Saturday , 25 February 2017

September 14, 2016 E-News

OFFICIALS: REPLACING LEAD PIPE WORTH THE COST, WHATEVER IT IS – Top Milwaukee and state officials agreed Wednesday that Wisconsin must move as quickly as possible to replace all of the estimated 176,000 lead pipes providing drinking water to homes and businesses in the state, with Department of Natural Resources Secretary Cathy Stepp declaring, “If it costs a lot of money to do that, then it costs a lot of money to do that.” The DNR estimates it could cost between $3,000 and $5,000 for just the homeowner’s portion to replace each lead service line; no statewide estimate was available Wednesday for how much water utilities could spend. The Milwaukee Water Works has estimated that replacing that city’s 70,000 lead service lines would cost between $511 million and $756 million. Madison already replaced all 8,000 of its lead pipes over 11 years, at a cost of $15.5 million.

BARRETT URGES USE OF WATER FILTERS TO REMOVE LEAD – Owners and residents of tens of thousands of Milwaukee homes built before 1951 should install faucet filters capable of removing lead from drinking water, Mayor Tom Barrett said Wednesday. “I strongly urge anyone who lives in a home built before 1950-’51 to get a filter,” Barrett said at a public forum on drinking water held at Marquette University Law School. About 70,000 city residences, including duplexes, or nearly 45% of the total, receive water from street mains through a lead pipe known as a lateral. Although Milwaukee treats Lake Michigan water to control corrosion of lead from those pipes and prevent contamination of drinking water, this step is not a 100% guarantee of clean water, a drinking water treatment scientist said Wednesday.  “As long as the lead pipe is there, no one should consider the water safe” to drink, said Marc Edwards, a professor of environmental and civil engineering at Virginia Tech.

FARMS TO SUBSIDIZE COST OF SAFE DRINKING WATER FOR THOSE WITH TAINTED WELLS – A group of dairy producers in Kewaunee County announced Wednesday that it will pay more than half the initial cost of purifying drinking water for residents whose wells have been polluted by animal waste. The farmers and feedlot owners who belong to the private nonprofit Peninsula Pride Farms also said they would pay for bottled water for up to three months to the owner of any well testing positive for the bacteria e. coli. If an inspection by a private consultant hired by the Peninsula Pride finds that the well’s protective casing isn’t cracked, and the state Department of Natural Resource determines manure is the contamination source, the farmer group will help pay for a water treatment system. The program appears to be an effort to settle a long-simmering dispute over responsibility for bacterial pollution that appear to have caused serious illness in at least a few people.

CROPS CLASH WITH LAKES AND STREAMS IN CENTRAL WISCONSIN – Many crops in this vast, sandy swath of the state would shrivel without water from thousands of high-capacity wells. So would a multibillion-dollar industry that produces fresh potatoes, cans of green beans and bags of Doritos. But in a state with an abundance of water, there are growing concerns about the ecological effects of irrigation and the exponential growth of large wells. Those worries were compounded recently when state regulators began exerting less authority over construction of new high-capacity wells, which can take a potentially harmful toll on the landscape. A “high-capacity well,” under state law, has the capability with other wells on a property to pump more than 100,000 gallons of groundwater a day. That’s equivalent to all of the showers, dishwashing and yard sprinkling that a typical family uses in a year, according to the U.S. Environmental Protection Agency. In 1960, in the early days of modern irrigation, there were 97 high-capacity wells in the region, state data compiled by George Kraft, a hydrogeologist at UW-Stevens Point, show. By 2013, the number had blossomed to 2,205 — an increase of 2,173%.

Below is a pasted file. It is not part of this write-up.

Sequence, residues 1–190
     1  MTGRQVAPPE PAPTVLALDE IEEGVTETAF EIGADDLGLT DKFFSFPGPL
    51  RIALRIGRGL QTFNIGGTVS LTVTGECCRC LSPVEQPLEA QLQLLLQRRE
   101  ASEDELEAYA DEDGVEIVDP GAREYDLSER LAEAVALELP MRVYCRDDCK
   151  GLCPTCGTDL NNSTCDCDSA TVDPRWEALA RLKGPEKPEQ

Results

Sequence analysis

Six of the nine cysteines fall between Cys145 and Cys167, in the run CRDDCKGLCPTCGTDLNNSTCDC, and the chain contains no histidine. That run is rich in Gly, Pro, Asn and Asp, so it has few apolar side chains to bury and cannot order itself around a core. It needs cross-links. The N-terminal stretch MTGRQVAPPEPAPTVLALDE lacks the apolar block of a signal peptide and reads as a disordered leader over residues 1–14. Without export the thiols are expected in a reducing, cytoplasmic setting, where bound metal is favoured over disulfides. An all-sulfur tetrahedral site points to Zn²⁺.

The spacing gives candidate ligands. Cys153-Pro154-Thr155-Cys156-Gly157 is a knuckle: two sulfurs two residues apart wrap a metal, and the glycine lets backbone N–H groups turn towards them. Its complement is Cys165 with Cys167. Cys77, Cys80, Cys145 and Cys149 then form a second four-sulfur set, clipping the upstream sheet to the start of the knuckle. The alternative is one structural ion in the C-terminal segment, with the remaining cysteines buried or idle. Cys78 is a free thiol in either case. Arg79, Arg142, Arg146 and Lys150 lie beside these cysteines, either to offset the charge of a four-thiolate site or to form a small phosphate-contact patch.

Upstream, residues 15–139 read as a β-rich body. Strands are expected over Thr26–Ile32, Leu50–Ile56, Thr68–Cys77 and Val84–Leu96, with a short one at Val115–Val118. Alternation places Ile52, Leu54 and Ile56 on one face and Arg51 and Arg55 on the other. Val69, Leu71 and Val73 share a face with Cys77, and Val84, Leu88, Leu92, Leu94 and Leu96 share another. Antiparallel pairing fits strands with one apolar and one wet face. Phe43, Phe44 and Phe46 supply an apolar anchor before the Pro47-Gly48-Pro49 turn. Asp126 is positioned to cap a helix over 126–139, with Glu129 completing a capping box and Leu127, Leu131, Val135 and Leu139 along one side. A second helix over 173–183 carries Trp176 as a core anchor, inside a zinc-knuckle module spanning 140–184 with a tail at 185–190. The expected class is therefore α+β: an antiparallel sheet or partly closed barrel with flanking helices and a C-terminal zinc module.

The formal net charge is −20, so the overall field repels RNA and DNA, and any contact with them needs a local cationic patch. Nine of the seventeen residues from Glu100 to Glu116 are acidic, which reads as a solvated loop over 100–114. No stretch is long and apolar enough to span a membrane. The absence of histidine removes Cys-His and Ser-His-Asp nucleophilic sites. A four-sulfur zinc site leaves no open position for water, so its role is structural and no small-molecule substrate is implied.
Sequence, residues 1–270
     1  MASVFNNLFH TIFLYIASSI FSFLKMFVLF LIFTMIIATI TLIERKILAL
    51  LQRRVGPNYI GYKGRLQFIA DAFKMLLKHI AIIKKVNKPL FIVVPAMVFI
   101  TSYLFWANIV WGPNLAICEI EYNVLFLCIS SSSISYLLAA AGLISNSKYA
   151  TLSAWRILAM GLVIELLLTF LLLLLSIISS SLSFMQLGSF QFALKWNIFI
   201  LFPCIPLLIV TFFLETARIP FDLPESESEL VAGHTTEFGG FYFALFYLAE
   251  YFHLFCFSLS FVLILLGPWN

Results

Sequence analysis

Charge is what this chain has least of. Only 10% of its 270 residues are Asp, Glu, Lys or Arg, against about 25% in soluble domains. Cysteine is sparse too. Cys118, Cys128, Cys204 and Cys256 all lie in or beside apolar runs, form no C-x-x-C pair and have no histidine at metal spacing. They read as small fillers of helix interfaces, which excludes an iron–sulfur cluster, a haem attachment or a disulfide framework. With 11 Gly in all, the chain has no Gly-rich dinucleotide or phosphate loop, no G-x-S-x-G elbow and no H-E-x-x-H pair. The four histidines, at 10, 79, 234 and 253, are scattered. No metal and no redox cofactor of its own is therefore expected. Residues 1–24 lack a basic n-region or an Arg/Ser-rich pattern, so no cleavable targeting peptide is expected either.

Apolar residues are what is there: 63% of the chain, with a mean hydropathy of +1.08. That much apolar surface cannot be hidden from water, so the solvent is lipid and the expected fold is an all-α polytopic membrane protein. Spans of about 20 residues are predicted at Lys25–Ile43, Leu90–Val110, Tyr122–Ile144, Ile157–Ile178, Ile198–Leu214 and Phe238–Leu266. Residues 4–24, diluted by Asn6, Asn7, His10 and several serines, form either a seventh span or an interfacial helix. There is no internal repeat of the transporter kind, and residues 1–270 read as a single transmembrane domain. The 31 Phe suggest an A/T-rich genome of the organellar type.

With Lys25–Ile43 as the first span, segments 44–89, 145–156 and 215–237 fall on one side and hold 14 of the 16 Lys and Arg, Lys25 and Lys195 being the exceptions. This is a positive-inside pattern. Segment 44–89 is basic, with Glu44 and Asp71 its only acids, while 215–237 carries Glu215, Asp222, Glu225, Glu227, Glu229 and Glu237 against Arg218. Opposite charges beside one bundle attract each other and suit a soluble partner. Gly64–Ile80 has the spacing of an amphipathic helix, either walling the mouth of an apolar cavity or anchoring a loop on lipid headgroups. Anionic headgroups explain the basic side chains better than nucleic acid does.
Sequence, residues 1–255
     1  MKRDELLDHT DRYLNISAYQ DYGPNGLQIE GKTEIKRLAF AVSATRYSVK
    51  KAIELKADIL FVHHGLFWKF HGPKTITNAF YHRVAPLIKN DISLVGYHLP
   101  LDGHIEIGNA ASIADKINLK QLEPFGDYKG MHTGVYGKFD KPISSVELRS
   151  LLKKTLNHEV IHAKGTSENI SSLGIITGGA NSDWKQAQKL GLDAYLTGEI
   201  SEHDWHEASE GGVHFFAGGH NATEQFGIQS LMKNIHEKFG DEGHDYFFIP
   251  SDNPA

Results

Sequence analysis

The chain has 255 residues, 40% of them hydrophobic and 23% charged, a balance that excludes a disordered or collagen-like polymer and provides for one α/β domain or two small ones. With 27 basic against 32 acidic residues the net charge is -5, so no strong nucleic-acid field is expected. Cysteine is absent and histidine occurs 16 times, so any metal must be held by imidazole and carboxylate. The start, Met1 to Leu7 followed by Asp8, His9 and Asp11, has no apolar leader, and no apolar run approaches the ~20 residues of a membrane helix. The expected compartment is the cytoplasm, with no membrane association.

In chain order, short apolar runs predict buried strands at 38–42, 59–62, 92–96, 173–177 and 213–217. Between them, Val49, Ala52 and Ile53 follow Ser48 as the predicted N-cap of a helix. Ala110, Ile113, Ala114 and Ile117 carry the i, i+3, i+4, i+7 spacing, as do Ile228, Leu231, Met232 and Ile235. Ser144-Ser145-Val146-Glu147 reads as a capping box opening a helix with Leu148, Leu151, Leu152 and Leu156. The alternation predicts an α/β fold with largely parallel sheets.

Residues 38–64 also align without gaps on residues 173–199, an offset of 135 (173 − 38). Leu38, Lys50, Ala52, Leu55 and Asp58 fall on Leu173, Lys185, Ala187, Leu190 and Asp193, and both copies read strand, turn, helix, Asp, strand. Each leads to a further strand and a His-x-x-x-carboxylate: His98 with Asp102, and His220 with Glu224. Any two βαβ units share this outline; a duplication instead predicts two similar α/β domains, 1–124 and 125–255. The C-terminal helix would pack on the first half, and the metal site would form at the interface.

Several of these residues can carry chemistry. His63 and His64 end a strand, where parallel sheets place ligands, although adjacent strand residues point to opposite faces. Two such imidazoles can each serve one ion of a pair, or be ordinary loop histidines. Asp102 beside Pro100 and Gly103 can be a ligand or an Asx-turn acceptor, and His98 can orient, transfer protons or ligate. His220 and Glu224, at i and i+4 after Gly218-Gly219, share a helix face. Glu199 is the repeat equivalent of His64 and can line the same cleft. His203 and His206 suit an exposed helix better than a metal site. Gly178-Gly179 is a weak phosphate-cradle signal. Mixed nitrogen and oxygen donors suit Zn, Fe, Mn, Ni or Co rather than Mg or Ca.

EPA NATIONAL PREPAREDNESS MONTH FACILITATED DISCUSSION SET FOR SEPTEMBER 15 – September is National Preparedness Month and communities across the nation are taking action to prepare for the next emergency. The EPA is participating in these efforts by sending weekly updates on steps that can be taken at the local level to enhance resilience to water emergencies. Sign up for the What’s Going On? Newsletter from the Water Security Division to receive weekly alerts.  In celebration of National Preparedness Month, EPA will be hosting a facilitated discussion on September 15, 2016 at 3:00 PM EST. The discussion will feature a scenario based on a water loss emergency for water and wastewater utilities, public health agencies, hospitals, restaurants, businesses and others in the community who rely on water services and would benefit from learning key preparedness actions. The disaster will disrupt the water services in a fictional community. To register, go to-

QUOTE – “One of the most beneficial things I have ever learned is how to keep my mouth shut.” -Eric Clapton

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